BASIC VEGAN SOUR CREAM
Yield: about 1 1/4 cup
- 8 ounces organic, firm or extra firm tofu
- 4 green onions, white portion only, roughly chopped (or 1/2 medium shallot)
- 2-4 tablespoons organic canola oil (or other neutral oil)
- 2 tablespoons fresh lemon juice
- 1 1/2 teaspoons rice vinegar (or apple cider vinegar)
- 1/2 teaspoon salt
Blend all ingredients in a personal or regular blender. Adjust seasoning with sea salt, lemon juice or vinegar as needed. Store covered and refrigerated for three to four days.
- When selecting tofu, be sure to buy organic to avoid genetically modified soy. And, to get extra calcium, be sure to look for it on the ingredient panel, likely listed as ‘calcium sulfate’.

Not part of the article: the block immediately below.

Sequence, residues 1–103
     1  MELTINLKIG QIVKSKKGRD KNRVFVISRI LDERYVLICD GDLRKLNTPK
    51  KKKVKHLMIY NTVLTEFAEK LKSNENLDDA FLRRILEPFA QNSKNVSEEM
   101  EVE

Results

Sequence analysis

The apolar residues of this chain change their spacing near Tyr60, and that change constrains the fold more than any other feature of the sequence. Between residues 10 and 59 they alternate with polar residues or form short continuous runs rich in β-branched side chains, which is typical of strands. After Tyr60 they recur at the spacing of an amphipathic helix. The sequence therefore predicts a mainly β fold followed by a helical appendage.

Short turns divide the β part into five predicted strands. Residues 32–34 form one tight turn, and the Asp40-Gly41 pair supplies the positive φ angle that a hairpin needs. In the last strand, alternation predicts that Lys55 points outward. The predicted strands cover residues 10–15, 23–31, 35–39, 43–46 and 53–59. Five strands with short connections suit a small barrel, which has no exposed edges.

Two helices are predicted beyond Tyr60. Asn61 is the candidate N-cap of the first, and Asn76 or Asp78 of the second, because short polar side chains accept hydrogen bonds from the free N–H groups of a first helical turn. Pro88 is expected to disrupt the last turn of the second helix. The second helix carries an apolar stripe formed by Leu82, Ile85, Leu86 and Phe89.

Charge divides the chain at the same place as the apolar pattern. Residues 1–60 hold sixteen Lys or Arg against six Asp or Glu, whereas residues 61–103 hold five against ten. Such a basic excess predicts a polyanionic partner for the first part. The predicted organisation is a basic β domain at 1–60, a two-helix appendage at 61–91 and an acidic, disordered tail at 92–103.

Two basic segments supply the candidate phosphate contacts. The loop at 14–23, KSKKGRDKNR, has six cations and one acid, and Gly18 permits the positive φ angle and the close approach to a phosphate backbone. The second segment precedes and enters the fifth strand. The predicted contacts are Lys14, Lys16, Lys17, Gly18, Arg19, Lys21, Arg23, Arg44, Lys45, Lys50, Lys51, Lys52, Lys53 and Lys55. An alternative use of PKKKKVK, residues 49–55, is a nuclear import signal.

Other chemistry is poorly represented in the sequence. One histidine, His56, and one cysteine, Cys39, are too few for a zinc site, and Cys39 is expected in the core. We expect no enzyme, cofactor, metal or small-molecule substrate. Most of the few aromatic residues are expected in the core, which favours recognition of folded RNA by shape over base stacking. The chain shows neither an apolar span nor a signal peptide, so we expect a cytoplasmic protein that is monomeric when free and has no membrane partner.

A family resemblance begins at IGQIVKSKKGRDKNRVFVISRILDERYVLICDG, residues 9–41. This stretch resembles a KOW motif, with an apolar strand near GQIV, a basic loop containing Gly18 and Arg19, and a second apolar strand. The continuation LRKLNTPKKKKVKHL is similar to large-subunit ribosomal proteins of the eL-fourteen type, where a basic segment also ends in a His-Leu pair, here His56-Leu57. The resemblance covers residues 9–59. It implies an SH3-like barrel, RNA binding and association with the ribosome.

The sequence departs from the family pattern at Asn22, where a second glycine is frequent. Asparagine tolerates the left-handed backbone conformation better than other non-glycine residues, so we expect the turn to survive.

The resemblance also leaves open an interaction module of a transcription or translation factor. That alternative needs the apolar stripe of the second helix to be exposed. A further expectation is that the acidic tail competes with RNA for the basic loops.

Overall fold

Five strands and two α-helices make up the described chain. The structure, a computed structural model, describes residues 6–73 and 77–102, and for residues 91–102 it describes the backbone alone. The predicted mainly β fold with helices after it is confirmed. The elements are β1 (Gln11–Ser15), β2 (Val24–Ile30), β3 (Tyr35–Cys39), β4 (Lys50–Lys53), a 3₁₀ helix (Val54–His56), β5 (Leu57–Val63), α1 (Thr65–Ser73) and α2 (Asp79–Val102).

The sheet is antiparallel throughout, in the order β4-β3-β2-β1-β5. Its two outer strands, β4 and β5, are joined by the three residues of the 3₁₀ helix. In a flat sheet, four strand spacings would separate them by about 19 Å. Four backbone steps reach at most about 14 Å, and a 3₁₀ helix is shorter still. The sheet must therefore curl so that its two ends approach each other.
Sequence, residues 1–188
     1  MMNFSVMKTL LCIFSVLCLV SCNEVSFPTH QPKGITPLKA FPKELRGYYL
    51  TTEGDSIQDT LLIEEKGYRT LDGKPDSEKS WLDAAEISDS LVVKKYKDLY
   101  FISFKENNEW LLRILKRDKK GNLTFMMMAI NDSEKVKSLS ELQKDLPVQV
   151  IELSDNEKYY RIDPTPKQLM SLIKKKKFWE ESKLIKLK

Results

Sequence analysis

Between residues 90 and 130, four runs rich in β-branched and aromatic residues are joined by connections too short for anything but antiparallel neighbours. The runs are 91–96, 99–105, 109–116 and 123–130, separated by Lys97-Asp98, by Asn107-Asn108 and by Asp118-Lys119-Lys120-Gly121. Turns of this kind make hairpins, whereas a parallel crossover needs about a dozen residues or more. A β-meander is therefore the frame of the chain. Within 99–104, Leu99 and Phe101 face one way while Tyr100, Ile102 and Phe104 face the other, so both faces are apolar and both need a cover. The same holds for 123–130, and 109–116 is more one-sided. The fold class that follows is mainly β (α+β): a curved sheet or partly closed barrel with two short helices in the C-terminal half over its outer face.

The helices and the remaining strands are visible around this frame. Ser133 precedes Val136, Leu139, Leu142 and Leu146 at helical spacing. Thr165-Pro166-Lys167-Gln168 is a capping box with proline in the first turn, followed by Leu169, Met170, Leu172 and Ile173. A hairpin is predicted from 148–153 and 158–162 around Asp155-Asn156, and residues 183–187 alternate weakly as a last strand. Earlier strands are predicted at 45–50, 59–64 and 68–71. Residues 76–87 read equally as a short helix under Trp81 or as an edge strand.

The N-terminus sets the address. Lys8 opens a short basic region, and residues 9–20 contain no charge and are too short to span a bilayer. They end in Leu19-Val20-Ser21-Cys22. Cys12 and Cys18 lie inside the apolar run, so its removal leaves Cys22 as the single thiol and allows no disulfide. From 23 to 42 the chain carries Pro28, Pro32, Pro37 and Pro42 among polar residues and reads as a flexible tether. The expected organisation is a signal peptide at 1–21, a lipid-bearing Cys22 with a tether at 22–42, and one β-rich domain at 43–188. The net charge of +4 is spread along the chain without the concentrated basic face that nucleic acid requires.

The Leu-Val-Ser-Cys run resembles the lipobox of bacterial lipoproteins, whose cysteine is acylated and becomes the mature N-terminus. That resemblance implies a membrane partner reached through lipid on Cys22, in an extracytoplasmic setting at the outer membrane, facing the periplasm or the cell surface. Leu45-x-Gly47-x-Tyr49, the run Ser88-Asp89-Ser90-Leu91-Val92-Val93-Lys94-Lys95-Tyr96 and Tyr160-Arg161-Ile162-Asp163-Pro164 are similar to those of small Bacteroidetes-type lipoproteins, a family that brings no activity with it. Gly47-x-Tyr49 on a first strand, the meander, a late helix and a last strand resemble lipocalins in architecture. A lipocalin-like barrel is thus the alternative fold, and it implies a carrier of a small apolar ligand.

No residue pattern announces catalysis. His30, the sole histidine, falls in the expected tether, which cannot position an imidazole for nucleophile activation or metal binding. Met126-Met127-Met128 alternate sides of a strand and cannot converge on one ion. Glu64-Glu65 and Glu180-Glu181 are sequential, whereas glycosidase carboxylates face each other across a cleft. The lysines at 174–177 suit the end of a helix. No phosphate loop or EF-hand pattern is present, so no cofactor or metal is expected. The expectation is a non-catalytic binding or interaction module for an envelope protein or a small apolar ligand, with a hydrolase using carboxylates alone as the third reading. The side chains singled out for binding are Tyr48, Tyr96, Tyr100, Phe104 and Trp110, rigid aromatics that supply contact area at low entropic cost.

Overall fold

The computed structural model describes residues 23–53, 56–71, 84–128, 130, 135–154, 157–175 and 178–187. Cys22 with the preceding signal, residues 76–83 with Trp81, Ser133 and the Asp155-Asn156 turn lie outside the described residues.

- Extra unused tofu? After opening, place in covered container and submerge the tofu in fresh water; change water daily.
Vegan sour cream on a purple sweet potato…cause that’s how we roll. Mmmm…purple sweet potatoes. I don’t know what I like best, their creamy texture or the almost smoky flavor. Of course, the pigment of purple foods is rich in anthocyanins, potent antioxidants which support the brain and memory.
And, Miso Spice makes 8! In the post, ‘7-Tips for Using Miso,’ I shared some miso basics and a few tips for using miso paste in cooking. Now, here’s one more tip for using this detoxifying, gut-friendly, enzyme-rich fermented food. Sprinkle it on savory dishes, showering them with umami goodness. Sprinkle miso on dishes as a condiment? Continue reading
Last year, on a whim, I entered a vegetarian chili cook-off at my alma mater. It was a festive evening, a great learning experience with my chili won a prize! However, I can’t share the recipe with you, because I didn’t use one. But, read on and check out the guidelines I always use and customize each time -as you should as well.